The Detroit Lions gave Laken Tomlinson a bunch of opportunities. But things never really seemed to work out in Detroit for Tomlinson, a first-round pick in 2015. He was traded to San Francisco on Thursday, according to a source.
The Lions took Tomlinson -- Martin Mayhew’s final first-round pick as the team’s general manager -- with the hopes that he would become a cornerstone on a rejuvenated offensive line. Tomlinson was considered one of the most ready-made players in that draft, a guy who could step in immediately and have a long career, a smart lineman with good hands who wanted to become a doctor after he was finished playing in the NFL.
It never materialized. Tomlinson struggled during his initial training camp and started only the first game of the season because of an injury to right guard Larry Warford. He then was pulled from the lineup for the next two games before replacing Ramirez in the lineup for the rest of the season.
Even then, though, the inconsistency showed. He entered 2016 as the presumptive starter at left guard with Ramirez moving on, but he lost the gig to Graham Glasgow midway through the season because Tomlinson again struggled with consistency.
When Detroit let Warford go in free agency, it looked like Tomlinson might have another shot to earn a starting gig. The Lions then signed T.J. Lang to play right guard -- the position Tomlinson always seemed more comfortable in and the spot he played for four seasons at Duke -- and that ensured he likely wasn’t going to be a starter unless there was an injury. Joe Dahl’s emergence as a utility lineman made Tomlinson more expendable, particularly with a first-round salary attached to him.
From a personality standpoint, Tomlinson was a fine selection. Born in Jamaica, he immigrated to the United States as a boy and flourished in Chicago. He went to Duke to study pre-med. When he entered the league, he mentioned trying to give back to his homeland -- and went with Stephen Tulloch this offseason to build a school 10 minutes from where he grew up. He also got married and became an American citizen in the past year. He often worked with various philanthropic efforts in Detroit and the Caribbean.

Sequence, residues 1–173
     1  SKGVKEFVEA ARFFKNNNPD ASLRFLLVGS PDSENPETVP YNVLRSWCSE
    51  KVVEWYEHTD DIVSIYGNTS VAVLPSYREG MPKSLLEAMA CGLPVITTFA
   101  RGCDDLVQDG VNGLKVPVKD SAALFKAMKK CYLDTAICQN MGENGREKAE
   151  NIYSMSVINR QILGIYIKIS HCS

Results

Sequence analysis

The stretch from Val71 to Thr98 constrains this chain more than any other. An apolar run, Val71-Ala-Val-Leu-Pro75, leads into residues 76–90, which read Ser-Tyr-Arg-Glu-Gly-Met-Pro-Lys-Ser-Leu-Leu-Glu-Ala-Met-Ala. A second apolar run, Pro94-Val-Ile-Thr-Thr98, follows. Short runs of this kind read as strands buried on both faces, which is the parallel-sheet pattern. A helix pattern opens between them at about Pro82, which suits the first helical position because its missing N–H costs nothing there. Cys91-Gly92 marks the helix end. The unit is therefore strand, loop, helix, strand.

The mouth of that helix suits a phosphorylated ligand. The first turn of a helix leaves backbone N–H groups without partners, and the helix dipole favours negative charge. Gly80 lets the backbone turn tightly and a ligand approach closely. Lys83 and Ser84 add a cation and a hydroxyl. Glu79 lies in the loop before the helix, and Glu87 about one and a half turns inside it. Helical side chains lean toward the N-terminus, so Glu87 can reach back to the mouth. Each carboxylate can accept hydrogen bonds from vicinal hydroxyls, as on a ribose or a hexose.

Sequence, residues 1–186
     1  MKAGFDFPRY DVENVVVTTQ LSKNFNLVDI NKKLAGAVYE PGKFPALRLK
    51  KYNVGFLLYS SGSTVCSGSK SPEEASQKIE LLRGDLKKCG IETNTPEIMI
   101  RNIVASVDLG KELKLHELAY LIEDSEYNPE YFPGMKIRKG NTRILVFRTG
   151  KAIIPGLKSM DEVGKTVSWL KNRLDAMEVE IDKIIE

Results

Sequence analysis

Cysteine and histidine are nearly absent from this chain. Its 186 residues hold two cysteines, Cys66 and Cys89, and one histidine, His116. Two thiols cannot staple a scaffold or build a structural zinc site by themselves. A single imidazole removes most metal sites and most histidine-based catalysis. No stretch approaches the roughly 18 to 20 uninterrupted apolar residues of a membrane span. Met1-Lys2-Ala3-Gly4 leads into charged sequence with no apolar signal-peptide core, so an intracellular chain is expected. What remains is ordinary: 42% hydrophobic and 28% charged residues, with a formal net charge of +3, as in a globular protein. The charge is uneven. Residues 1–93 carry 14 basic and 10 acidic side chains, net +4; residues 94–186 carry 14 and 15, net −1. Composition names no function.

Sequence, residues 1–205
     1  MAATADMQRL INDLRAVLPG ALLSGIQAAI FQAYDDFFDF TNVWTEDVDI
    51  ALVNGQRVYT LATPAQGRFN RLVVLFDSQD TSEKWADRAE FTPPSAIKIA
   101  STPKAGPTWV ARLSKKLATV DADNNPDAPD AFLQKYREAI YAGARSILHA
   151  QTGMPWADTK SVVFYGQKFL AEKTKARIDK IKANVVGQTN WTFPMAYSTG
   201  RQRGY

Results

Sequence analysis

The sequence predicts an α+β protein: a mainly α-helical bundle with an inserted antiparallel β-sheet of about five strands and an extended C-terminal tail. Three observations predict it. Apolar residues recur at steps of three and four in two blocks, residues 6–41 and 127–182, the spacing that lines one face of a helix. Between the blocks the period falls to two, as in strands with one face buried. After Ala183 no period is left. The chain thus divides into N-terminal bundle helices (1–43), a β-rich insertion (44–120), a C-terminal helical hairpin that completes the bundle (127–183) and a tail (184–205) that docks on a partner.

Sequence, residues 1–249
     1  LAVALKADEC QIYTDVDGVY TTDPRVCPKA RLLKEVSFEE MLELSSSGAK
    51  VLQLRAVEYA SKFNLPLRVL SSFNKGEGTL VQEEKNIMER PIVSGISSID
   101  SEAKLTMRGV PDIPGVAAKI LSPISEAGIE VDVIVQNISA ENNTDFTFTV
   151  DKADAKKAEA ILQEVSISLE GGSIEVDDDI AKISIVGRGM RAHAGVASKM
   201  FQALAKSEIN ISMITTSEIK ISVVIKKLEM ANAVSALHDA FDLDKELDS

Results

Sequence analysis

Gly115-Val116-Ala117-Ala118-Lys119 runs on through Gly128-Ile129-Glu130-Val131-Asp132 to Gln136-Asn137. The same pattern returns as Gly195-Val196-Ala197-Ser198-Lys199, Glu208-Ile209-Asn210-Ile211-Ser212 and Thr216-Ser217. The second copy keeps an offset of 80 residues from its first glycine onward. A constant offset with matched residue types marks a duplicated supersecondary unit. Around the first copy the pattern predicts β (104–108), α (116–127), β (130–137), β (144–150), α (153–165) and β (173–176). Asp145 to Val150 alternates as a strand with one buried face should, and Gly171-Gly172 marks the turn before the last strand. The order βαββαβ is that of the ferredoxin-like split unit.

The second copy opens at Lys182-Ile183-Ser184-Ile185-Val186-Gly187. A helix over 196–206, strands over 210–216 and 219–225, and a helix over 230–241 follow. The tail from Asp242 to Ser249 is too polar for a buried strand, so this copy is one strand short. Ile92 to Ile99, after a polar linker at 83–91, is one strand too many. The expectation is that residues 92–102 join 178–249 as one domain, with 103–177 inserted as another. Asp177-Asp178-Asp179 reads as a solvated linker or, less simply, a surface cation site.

But the football piece of his life never really meshed in Detroit. So from an on-field standpoint, he becomes another one of Mayhew’s failed high-round picks as a general manager.
Of Mayhew's nine first-round picks, only three -- Matthew Stafford, Ezekiel Ansah and Eric Ebron -- remain with the Lions. Ndamukong Suh is in Miami. Riley Reiff is in Minnesota. Nick Fairley is with New Orleans, and Tomlinson is now in San Francisco. Brandon Pettigrew is out of the league, and Jahvid Best had to retire because of concussions. His second-round picks, other than Darius Slay and Ameer Abdullah, were largely mistakes.
Of those picks, only three -- Stafford, Suh and Ansah -- have made Pro Bowls. And the mistakes there are a large reason why Mayhew is in San Francisco now, where he’ll reunite with Tomlinson, instead of still running the Lions.
The Tomlinson trade also shows how poor Mayhew’s final draft was. Tomlinson has been traded. Third-round pick Alex Carter was cut last year, made a transition to safety and is a bubble player to make the team this season. Fourth-round pick Gabe Wright was cut last year. Fifth-round selection Michael Burton, due to a schematic change, was waived earlier this year. Cornerback Quandre Diggs (sixth round) might start at the slot corner this year, but is not a roster lock. Tackle Corey Robinson (seventh round) is a bubble player as well.
Only Abdullah, the team’s starting running back, has a clear, defined role heading into 2017.
But Tomlinson, along with Abdullah, were Mayhew’s keys to fixing a long-stagnant Lions run game. Abdullah still has a chance. But Tomlinson is now gone.